A Quick Guide to Mountain Biking Glasses

First things first, the most important job glasses for mountain biking must do is protect your eyeballs from physical assaults. Think dust, mud, dirt, pebbles, bugs, and branches. The best sunglasses for mountain biking must protect your eyes from UV rays and physical impacts. Second, high-quality optics should help you see the trail and its obstacles faster, with more clarity and better depth perception, so you can avoid unexpected obstacles like a tree stump suddenly appearing in the middle of the trail. Third, the best mountain biking sunglasses should fit well. The perfect pair should fit on your face just under your mountain bike helmet and stay on while you’re charging down bumpy terrain. 

Please note: This guide is specific to cross-country mountain biking, not downhill or terrain park mountain biking. For those gravity-assisted derivatives, full-face goggles — and full-face helmets — are recommended.

The Best Sunglass Lens Colors for Mountain Biking, Ranked

Red, Copper
This is the best all-around color for all conditions. You’ll enjoy high contrast, better clarity, and impressive depth perception with these colors. They aren’t the darkest, so you can still see well when riding through deep forest trails or on cloudy days, but they have enough color to handle direct sunlight.

Red, Purple
This color is best for flat light or cloudy days. If you’re riding snow-free trails in the winter, these are worth looking into. Same if you ride in foggy coastal environments.

Colors to Skip
Black or gray lenses cut glare but do nothing to heighten contrasts or depth perception like the colors above can. Yellow lenses’ efficacy is limited to dim light or overcast days but not the gamut of light conditions that other lens colors can handle. Last, clear lenses are fantastic for night rides — and that’s about it.

Now a Word About Visible Light Transmission Ratings

Each of the colors mentioned above will have a Visible Light Transmission (VLT) rating. Listed as a percentage, the rating explains how much visible light reaches your eyes. Here’s a quick breakdown of the rating scale:

0-15%: Super dark lenses, excellent for bright sun (Brown, Black, Mirrored)

16-40%: Ideal for all-purpose, all-conditions mountain biking sunglasses (Red, Copper, Purple)

40%+: Perfect for low-light, fog, and dusk/dawn conditions

The Best Sunglasses Lenses for Mountain Biking

Trivex lenses, such as Rudy Project’s ImpactX lenses, are the most impact- and shatter-resistant lenses available. The material’s durability has been approved by the military, making it the top choice for protection. These protective lenses are flexible enough to curve around your face without negatively affecting your field of vision. Glass provides the best optics but is heavier, not shatter resistant, and isn’t produced for sports wrap frames. These limitations make Trivex the best all-around lens material. Most sport sunglasses are made with impact-resistant polycarbonate lenses, but Trivex is stronger and clearer.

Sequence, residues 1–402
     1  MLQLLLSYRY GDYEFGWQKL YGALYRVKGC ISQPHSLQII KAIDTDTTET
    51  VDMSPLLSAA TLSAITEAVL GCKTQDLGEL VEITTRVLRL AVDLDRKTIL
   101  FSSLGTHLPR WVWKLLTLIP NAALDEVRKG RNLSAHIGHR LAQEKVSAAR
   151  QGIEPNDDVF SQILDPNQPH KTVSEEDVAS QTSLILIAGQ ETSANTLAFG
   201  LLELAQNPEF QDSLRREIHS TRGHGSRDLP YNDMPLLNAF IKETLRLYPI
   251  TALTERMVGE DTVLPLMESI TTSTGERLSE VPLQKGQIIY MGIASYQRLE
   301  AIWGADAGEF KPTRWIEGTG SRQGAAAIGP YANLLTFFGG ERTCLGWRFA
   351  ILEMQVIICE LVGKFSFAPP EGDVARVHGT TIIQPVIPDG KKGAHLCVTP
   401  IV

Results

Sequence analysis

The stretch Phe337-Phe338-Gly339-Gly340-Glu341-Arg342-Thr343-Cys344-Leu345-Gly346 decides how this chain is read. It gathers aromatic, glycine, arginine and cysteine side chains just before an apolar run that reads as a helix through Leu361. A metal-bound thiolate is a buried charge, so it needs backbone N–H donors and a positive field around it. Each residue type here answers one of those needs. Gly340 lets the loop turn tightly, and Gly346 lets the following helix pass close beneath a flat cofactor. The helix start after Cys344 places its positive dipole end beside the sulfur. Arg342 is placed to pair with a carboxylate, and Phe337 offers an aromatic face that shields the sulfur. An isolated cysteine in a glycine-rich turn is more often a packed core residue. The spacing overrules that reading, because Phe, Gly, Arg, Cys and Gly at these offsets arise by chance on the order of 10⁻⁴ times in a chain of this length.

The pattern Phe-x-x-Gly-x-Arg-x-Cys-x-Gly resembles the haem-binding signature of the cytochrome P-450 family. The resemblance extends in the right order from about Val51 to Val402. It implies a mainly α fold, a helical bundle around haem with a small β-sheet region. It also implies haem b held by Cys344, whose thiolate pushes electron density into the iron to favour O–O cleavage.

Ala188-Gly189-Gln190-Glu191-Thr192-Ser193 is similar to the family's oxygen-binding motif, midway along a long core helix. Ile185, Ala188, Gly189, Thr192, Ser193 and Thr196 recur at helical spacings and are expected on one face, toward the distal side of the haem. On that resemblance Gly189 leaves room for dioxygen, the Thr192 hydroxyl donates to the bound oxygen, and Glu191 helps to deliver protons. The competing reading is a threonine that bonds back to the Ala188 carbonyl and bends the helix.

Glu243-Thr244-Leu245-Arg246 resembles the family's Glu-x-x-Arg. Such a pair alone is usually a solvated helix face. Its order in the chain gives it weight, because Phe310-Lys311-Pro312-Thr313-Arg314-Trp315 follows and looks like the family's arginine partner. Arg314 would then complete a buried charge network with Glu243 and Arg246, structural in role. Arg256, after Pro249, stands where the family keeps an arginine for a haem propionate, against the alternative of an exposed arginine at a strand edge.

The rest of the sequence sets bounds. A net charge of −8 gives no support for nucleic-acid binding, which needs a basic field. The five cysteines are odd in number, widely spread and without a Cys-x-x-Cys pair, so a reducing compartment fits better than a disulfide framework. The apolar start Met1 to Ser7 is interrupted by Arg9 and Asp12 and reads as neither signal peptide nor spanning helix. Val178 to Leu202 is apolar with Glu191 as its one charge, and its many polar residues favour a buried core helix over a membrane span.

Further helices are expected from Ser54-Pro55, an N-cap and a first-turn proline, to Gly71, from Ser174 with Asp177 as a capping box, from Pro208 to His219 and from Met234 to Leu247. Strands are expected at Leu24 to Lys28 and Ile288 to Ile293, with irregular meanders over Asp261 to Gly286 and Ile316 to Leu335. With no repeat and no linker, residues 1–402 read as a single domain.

Polarization, Photochromic, and Other Options for Mountain Biking Glasses

Polarized sunglasses are ideal for water and snow sports; they block horizontal light, such as the blinding glare you deal with on a boat or ski slope. Since there isn’t any water in the mountains, polarized lenses are not recommended because you won’t get the same improved depth perception, something you absolutely must have dialed in for mountain biking on technically challenging trails.

Photochromic lenses automatically transition from clear in dark environments to dark in bright sun. Their secret sauce is the injection of UV-sensitive molecules that react to the presence of UV rays and light into the lens itself. Now, with the advent of colored photochromic lenses, wearers can conceivably get by with one pair of mountain biking glasses for every trail. However, the transitions take several seconds to work. It’s not instantaneous.  

Anti-fog treatments are worth pursuing. Grinding uphill on a hot, muggy day without enough air flowing through your lenses will cause them to fog up. Same for riding on a cold, damp day in the winter. An anti-fogging coating ensures you can see, so you’ll keep your glasses on your face, not in your helmet or pocket. Now, a good deal of keeping your lenses fog free comes down to your sunglasses' ability to ventilate, moving cool air through the glasses and letting hot air vent. The Vent Controller feature on Rudy Project performance sunglasses does one better; it lets you adjust how much air can flow through your lenses and dry out any moisture inside.

The Perfect Size and Fit for Your Mountain Bike Glasses

When it comes to sunglass lens size, ample coverage is the key. The width should be slightly past the corner of your eyes, and the depth should be just above and not touching your cheeks. Find the lens that fits comfortably on your face yet still tucks under your mountain biking helmet. An ample coverage lens means a larger field of protected and clear vision. That makes it easier to spot the branch sticking out to snare your wheel out of the corner of your eye. Rudy Project’s Spinshield, Spinshield Air, and Cutline deliver the perfect combination of protection and clarity. 

The biggest lens you’re comfortable with depends on how the sunglass frames fit. And in mountain biking, a snug fit is more critical than weight — although premium sunglasses in this category will usually be lightweight anyway. Try a pair on and do what you can to try and shake the glasses off your head. Next, do the same while wearing your mountain bike helmet. The top of the glasses shouldn’t hit the bottom of your helmet, and the arms shouldn’t get in the way of the straps or retention band behind your ears.

Found the frames with the lens color you want? Then get riding!